Posted on Thursday, 21st June 2018 by

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There are a number of actions to take long before you retire to expedite retirement application processing. If you don’t correct certain errors prior to applying be financially prepared to live on a reduced interim annuity check for an extended period.

One of our site visitors recently discovered that her ten years of military service wasn’t included in her electronic Official Personnel File (eOPF). She applied for military credit at a previous federal agency early in her career and a copy of the paid-in-full letter was missing from her record. Without the 10 years of military service her annuity would be substantially reduced. There are actions you can take to recover this information if it is missing from your file.

Making a military deposit for time served isn’t difficult, however it does take time. You should start the process several years before your target retirement date, if possible, to give you time to pay it back through biweekly payroll deductions. You can pay the lump sum however it could be a significant amount depending on the number of years served and military pay grade. The military organization must recover your files and provide your estimated earnings for all service periods and it is a time consumer task. When I applied it took almost a year to get my estimate back and then several months more for payroll to accept the documentation and set up a payment schedule.

Another federal employee had a break in service and his leave and earnings statement (LES) didn’t reflect federal service at a previous agency. Over the past 10 years agencies have converted hard copy OPF files to electronic versions and documents may have been missed during the conversion. It’s a good practice for all federal employees to check their eOPF at least once to ensure the file is up to date and includes all previous federal service.

Check your LES for your Service Comp Date (SCD). Does it reflect all of your past federal service including part time work? If you filed the proper military credit paperwork you should find an entry in block 20 on your LES titled “MILBAL-DUE” and a dollar amount, mine showed a zero balance because I paid mine off long before I retired. Each agency’s payroll office may list this a little differently on their LES. If you applied for military credit and paid the amount off or are still making payments talk with your payroll office if you can’t find this entry on your statement.

Long before filing your retirement paperwork confirm that your SCD date on your LES is correct and that all prior federal service is included in your record. Active federal employees have the right to review their eOPF upon request. You should find a payment-in-full letter in the eOPF if you applied for military credit and paid the total amount due. If you paid it in a lump sum provide a copy of the paid-in-full letter to HR and have them add it to your eOPF. If your military deposit is paid-in-full by payroll deductions, you must request a Paid-in-Full Letter through your human resources office or Customer Service Representative (CSR) and have them add it to your eOPF.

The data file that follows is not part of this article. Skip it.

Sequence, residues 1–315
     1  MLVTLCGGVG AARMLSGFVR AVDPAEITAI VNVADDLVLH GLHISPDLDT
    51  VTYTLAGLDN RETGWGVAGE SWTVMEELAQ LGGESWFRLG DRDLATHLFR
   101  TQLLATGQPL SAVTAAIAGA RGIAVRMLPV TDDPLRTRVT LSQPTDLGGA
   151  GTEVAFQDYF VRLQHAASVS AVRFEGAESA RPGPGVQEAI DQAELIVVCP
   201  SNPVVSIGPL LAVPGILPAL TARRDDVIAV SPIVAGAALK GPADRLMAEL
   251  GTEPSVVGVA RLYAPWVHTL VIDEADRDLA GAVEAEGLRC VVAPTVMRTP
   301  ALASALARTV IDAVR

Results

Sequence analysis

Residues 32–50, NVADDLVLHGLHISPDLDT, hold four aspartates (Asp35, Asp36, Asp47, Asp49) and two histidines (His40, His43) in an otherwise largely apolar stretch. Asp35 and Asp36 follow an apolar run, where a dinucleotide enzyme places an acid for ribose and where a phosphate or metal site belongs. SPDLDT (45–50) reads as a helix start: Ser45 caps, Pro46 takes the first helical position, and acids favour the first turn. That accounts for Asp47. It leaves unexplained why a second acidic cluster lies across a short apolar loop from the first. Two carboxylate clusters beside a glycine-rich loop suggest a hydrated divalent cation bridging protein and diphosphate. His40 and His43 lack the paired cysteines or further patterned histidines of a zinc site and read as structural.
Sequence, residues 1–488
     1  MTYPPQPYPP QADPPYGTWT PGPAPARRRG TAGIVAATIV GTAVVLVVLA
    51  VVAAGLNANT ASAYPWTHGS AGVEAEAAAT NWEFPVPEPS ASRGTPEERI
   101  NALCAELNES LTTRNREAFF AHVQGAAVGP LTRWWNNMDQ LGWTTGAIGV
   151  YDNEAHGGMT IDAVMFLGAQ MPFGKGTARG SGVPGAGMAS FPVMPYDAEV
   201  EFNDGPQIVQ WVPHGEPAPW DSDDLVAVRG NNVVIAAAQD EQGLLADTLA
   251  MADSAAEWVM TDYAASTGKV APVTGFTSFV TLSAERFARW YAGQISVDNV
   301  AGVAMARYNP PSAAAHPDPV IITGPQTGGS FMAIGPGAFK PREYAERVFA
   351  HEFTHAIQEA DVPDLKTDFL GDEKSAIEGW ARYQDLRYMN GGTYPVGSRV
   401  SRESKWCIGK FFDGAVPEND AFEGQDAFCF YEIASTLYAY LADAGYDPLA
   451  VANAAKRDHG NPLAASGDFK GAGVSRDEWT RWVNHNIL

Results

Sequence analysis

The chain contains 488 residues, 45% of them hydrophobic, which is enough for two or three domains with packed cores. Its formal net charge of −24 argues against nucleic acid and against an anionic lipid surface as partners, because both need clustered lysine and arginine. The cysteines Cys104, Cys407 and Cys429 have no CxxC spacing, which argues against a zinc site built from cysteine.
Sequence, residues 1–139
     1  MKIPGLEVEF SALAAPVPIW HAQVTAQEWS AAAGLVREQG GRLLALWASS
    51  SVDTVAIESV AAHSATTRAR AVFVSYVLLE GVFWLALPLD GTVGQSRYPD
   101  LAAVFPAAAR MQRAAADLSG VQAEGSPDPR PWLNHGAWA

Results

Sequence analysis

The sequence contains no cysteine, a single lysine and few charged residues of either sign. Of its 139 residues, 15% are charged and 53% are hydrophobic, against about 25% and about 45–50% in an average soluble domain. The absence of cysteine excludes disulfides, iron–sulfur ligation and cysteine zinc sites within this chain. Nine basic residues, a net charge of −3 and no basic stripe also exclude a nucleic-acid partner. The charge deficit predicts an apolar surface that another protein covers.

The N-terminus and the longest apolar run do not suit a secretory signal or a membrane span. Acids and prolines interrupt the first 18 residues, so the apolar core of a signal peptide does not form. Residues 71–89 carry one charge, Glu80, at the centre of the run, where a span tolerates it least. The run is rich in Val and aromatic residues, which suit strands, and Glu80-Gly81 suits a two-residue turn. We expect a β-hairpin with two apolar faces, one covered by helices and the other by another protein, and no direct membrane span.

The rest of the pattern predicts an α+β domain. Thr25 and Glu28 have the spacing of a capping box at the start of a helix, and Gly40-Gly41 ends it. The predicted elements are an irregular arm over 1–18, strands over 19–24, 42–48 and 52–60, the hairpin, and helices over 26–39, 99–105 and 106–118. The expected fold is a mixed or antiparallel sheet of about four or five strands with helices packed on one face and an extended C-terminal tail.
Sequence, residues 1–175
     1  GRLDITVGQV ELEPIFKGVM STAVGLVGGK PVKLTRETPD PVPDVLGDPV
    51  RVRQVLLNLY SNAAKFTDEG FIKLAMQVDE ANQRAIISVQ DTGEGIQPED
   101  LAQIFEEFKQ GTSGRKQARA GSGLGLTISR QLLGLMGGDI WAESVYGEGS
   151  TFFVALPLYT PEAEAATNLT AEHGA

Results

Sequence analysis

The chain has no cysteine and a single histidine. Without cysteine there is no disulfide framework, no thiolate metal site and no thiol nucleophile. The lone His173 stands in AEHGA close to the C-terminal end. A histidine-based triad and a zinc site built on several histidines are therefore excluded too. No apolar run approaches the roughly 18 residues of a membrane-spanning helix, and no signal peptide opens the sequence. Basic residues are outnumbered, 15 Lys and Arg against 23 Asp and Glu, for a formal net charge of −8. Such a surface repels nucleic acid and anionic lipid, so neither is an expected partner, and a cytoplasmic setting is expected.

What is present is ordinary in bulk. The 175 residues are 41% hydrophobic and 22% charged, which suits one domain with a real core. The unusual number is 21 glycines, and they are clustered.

All of my federal service, including my military time, was included on my original “Certified Summary of Federal Service” that I received from HR during the retirement application process. I didn’t have to make any changes and I signed the document and returned it for processing. If you find errors on your Certified Summary of Federal Service report during the retirement application process it can significantly delay processing until all of your service is listed. That is why it is essential to review your eOPF before applying for retirement.

Request your eOPF review soon to ensure all creditable service is included and take whatever actions are needed now to correct and update your official records. A few hours of review now can save you considerable grief during the retirement application process.

Request a  Federal Retirement Report™  today to review your projected annuity payments, income verses expenses, FEGLI, and TSP projections.

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Disclaimer: Opinions expressed herein by the author are not an investment or benefit recommendation and are not meant to be relied upon in investment or benefit decisions. The author is not acting in an investment, tax, legal, benefit, or any other advisory capacity. This is not an investment or benefit research report. The author’s opinions expressed herein address only select aspects of various federal benefits and potential investment in securities of the TSP and companies mentioned and cannot be a substitute for comprehensive investment analysis. Any analysis presented herein is illustrative in nature, limited in scope, based on an incomplete set of information, and has limitations to its accuracy. The author recommends that retirees, potential and existing investors conduct thorough investment and benefit research of their own, including detailed review of OPM guidance for benefit issues and for investments the companies’ SEC filings, and consult a qualified investment adviser. The information upon which this material is based was obtained from sources believed to be reliable, but has not been independently verified. Therefore, the author cannot guarantee its accuracy. Any opinions or estimates constitute the author’s best judgment as of the date of publication, and are subject to change without notice. The author explicitly disclaims any liability that may arise from the use of this material.

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